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Disney Design Tool Brings Bendable Inputs to the Masses

Users could build toys, computer inputs or game controllers with 3-D printers that feature embedded deformation-sensing functionality.

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A software tool developed collaboratively by Disney Research and ETH Zurich makes it possible for non-experts to design and build flexible objects that can sense when they are being deformed. Applications could include game controllers to provide feedback for toys or in providing input to a computer.

Creating a bendable object with customized appearance and shape already is possible with today's 3-D printers. The new tool, called DefSense, enables designers to give those objects deformation-sensing functionality, even if the designers lack expertise in this complex task. The research team, which also includes collaborators from McGill University and IST Austria, will present their optimization-based algorithm at the ACM Conference on Human Factors in Computing Systems, CHI 2016, in San Jose.

"3D-printed objects that can sense their own deformation will open the door to a range of exciting applications, such as personalized toys, custom game controllers and electronic musical instruments," said Markus Gross, vice president at Disney Research. The objects are able to sense when they are bent because the researchers introduce piezoresistive materials into their construction. The electrical resistivity of these wires changes when they are bent, so it's possible to infer the amount of deformation based on changes in measured resistivity.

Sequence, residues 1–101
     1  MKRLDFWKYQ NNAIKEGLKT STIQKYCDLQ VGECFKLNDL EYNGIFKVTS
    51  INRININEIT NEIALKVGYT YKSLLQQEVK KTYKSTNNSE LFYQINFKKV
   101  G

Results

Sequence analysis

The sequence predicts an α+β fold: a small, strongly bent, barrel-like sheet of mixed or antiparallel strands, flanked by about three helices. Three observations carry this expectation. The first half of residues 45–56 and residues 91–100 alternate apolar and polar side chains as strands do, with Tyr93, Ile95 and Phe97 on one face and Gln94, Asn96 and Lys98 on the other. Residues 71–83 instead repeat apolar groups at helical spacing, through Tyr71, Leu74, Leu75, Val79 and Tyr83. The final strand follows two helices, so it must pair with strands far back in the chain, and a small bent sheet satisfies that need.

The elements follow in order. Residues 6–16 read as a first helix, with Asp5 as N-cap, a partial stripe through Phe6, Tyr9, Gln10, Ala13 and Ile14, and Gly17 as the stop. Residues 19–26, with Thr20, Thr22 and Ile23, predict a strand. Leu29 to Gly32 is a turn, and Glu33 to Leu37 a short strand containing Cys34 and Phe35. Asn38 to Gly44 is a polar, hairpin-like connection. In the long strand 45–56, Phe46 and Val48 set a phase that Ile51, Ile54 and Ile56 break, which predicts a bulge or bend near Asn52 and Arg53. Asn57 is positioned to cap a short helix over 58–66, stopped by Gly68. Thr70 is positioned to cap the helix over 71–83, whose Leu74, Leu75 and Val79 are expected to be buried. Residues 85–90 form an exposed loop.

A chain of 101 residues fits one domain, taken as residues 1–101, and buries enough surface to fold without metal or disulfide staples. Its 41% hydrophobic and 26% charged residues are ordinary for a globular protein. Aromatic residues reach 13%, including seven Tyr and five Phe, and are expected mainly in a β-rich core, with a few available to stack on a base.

But ensuring that the changes in resistivity correctly reflect the amount and type of deformation -- whether the object is being twisted, stretched or bent - depends on proper placement of the sensor wires within the object, said Moritz Bächer, research scientist at Disney Research. "In an object with a moderately complex shape, even simple interactions can cause internal deformation fields that can seem counterintuitive," Bächer explained. "Determining how to route the sensors within the object and how to interpret their readings is a complex design problem in all but the most trivial cases."

The researchers developed a design process in which the user not only creates the shape of the object, but specifies the deformations that need to be sensed. An optimization algorithm then computes sensor layouts based on those example deformations and iteratively guides the designer in placing the wires within the object. The algorithm optimizes the sensor layout to minimize reconstruction error.

The objects are produced in the 3-D printer in layers, so that the prefabricated piezoresistant wires can be positioned between them. After fabrication, a machine learning algorithm recovers 3-D deformations in real time, despite material imperfections or modeling errors. The deformation signals can be used to control a virtual version of the object or to provide any sort of control that the user wishes.

The researchers produced several examples, including an action figure, a bar, a sheet and an object resembling organ pipes. They found their method outperformed best-guess manual versions by significant margins and that the reconstruction error predicted by DefSense was a good indicator of real-world performance.


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